Middle school. Two words that send shivers down my spine.  For me, middle school was awkward.  Whether my awkward days are actually over is debatable, but that’s a different article. (If you can’t relate to the weirdness of middle school, don’t tell me, just nod in agreement as you read this. It will make me feel better.) I had a bad haircut, the wrong clothes, and not many friends. I didn’t fit and I knew it. I looked around and noticed other girls that didn’t appear quite so ill-fitting in their surroundings. They were cute, well-liked, and they were…cheerleaders.

Every Thursday, the cheerleaders would wear their matching uniforms to school, with braided hair in ribbons, and temporary tattoos on their cheeks. The crowded hallways would split like the Red Sea as they sauntered by in what felt like slow motion. There wasn’t a trace, not a single hint of awkward in their entire beings. I might have been less than desirable in appearance but I was no dummy. It was simple logic, really. If I wanted to be cute, well-liked, and graceful, I needed to be a cheerleader. I needed the short skirt and strategically ribboned hair. I needed to be part of that elite club that encompassed the dreams my life held at the time. So I set my sights on one thing, one goal — to become an eighth grade cheerleader.

I trained, I practiced, and I learned to French braid my hair. I was going to be a cheerleader. I saved my own money, bought the right shoes, and took lessons from a high school cheerleader. Unfortunately, I wasn’t great. Truth be told, I could barely do a cartwheel. I tried out, gave it all I had, but I wasn’t picked. To say that I was heartbroken would be an understatement. I. Was. Devastated. All my hopes for the future were wrapped up in the dream of being an eighth grade cheerleader. I couldn’t see any farther than my life as an eighth grader, and I was certain being a cheerleader was the only answer to my social dilemma.

Eventually, the pain of rejection dulled and life moved on. I never had the cheerleader uniform I desired. Instead, I got involved in other activities like music, soccer, and track. I wasn’t cheering on the sideline, I was in the game. The cheerleaders yelled and jumped for ME. When I was on the final lap of a race, I could hear the shouts of encouragement and I pushed harder. I became the recipient of the cheerleaders’ support.

Cheers from the Sideline

Years later, I still remember the sting of rejection. I recall the pain of an unrealized dream. Yet I can still hear the cheers from the sidelines for me! I may not have made middle school cheerleader, but I’ve come to recognize the importance of being a cheerleader in the lives of those around me.

Words matter. When spoken as praise, your words can ring in the ears of someone as they encounter a crisis of faith, a bully at school, or a scary health report. Every day you face individuals who need a boost or a reminder that they are loved. Does your son or daughter know you care more about them than a clean house or your reputation? Are you speaking encouragement into the children you teach or the clients you meet?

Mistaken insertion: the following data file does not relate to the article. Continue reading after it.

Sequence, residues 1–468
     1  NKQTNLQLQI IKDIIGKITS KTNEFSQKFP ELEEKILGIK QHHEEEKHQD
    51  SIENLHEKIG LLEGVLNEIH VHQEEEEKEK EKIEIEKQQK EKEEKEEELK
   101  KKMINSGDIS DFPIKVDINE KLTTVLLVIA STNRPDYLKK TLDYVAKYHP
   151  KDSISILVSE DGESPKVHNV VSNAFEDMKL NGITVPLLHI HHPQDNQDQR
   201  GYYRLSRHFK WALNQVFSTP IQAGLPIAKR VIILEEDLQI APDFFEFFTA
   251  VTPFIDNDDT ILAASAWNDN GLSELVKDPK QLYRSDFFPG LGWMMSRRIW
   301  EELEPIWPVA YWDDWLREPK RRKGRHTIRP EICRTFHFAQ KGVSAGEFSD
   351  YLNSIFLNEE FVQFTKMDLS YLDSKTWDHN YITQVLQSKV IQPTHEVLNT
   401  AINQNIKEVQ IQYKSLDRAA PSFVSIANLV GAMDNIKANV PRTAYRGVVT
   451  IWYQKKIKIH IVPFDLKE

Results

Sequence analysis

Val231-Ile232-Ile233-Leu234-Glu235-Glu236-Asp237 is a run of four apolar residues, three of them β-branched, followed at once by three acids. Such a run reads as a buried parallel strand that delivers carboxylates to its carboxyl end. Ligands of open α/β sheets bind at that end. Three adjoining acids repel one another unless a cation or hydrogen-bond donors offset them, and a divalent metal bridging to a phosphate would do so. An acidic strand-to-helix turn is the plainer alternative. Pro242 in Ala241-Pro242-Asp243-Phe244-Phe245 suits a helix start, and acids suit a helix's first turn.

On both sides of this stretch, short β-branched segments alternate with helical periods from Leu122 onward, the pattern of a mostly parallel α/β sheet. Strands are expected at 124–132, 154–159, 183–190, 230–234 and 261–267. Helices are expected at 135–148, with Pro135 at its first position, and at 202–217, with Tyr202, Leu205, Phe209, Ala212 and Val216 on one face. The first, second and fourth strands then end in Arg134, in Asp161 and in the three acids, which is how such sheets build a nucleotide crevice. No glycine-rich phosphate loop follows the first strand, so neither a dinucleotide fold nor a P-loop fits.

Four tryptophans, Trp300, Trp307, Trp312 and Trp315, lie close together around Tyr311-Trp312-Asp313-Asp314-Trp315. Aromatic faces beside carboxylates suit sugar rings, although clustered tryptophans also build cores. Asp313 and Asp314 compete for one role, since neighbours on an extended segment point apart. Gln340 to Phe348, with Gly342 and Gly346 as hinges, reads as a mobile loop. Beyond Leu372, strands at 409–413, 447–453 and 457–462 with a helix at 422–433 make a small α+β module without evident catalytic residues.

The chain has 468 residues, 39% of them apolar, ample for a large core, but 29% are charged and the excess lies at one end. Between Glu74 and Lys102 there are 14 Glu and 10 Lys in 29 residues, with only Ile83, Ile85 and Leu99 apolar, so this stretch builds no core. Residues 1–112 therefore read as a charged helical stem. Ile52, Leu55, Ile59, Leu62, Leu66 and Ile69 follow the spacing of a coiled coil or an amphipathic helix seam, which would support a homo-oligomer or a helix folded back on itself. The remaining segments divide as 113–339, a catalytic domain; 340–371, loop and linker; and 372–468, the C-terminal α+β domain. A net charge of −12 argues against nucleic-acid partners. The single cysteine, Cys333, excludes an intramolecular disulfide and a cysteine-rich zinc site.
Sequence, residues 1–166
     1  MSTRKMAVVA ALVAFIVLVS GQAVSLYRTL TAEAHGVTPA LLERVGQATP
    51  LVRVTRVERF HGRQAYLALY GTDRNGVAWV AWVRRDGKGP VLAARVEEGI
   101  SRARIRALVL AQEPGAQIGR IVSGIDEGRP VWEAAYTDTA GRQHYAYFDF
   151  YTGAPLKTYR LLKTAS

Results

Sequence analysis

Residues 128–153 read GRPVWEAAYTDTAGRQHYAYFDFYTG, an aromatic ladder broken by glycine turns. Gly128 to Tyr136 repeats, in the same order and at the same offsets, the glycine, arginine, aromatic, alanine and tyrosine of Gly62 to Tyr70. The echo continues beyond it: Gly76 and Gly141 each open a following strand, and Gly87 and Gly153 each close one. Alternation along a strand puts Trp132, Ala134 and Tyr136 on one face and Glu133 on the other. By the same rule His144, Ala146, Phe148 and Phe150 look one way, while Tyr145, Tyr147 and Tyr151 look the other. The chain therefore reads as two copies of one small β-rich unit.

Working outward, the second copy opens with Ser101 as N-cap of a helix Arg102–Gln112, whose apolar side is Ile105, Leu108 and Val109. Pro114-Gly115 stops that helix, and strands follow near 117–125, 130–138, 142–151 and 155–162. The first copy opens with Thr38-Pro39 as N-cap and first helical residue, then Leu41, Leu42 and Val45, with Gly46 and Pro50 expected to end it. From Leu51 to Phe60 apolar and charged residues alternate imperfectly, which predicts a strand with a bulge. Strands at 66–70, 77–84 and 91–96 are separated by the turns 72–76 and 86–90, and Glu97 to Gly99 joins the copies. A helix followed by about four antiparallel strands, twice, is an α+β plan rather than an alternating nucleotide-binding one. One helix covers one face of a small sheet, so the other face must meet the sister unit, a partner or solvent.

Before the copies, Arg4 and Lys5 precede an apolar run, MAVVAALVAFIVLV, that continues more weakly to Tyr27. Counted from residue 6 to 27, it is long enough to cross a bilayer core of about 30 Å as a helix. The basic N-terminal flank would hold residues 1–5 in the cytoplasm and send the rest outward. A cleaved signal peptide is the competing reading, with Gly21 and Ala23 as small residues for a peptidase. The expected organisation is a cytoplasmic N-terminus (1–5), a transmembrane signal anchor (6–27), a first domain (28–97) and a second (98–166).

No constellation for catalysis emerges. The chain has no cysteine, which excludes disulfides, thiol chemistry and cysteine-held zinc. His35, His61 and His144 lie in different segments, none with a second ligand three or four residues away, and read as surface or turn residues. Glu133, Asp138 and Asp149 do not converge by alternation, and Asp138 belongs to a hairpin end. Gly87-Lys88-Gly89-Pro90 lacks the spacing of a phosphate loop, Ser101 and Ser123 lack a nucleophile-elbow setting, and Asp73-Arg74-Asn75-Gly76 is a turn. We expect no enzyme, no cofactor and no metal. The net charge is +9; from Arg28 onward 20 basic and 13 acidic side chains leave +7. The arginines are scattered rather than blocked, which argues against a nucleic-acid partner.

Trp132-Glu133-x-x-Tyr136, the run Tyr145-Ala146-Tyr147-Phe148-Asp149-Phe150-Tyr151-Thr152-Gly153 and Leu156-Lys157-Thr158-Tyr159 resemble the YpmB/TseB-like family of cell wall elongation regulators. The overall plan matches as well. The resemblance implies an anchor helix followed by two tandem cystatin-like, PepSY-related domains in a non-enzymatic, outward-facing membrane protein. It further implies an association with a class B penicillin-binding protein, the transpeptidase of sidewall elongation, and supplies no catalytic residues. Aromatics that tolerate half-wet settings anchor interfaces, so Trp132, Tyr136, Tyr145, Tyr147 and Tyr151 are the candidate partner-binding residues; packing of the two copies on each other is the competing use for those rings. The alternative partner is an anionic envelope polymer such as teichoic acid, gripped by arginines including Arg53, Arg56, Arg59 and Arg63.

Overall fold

Ephesians 4:29 says, “Do not let any unwholesome talk come out of your mouths, but only what is helpful for building others up according to their needs, that it may benefit those who listen.”

We all need cheerleaders. Who are you on the sidelines cheering for? I’m not talking about matching uniforms or round-off back- handsprings. I’m talking about your words.

If you want to be a cheerleader, consider these things:

1. Start with your home team. You may not see eye-to-eye with those in your family, but those individuals aren’t in your life on accident, and I’m certain it isn’t to tear them down.  Are the words you speak to your family words of support, encouragement, and praise? Does your family know you are in their corner?

2. Check your motives. I only wanted to be a middle school cheerleader for the esteem and acceptance, not because I really wanted to cheer anyone on. Don’t cheer someone on because you want something from them. Instead, encourage them because you believe in them. Believe in your children, believe in your spouse, and believe in your students and your friends. If you don’t, take a step back and evaluate what you do feel. Are you angry, resentful, or frustrated? If you can’t cheer someone on because you want to see them win, then deal with your motives.

3. Speak their language. Everyone receives love and encouragement in a different way. If you aren’t familiar with The 5 Love Languages by Gary Chapman, grab a copy and learn the love language of those around you. How can you encourage your assistant in a way that is most meaningful to her, or how does your daughter receive praise, or your husband best understand love? It may be a gift, a hug, or a word of encouragement. Study those around you and love them well.

4. Be intentional. It is easy to read an article and nod your head, thinking, “That’s a good idea. I should do that.” Paul says in Philippians 3:16, “Let us live up to what we have already attained.” If you really want to make a difference, you have to be intentional. One of my favorite authors says, “Unless we consistently speak praise, we consistently speak poison.” If you aren’t intentional about speaking words of encouragement, you may be unintentionally speaking words of destruction.

If cheering on those around you isn’t something you normally do, it won’t come naturally. Don’t expect it to. Start small and don’t stop. The more you do it, the easier it will get.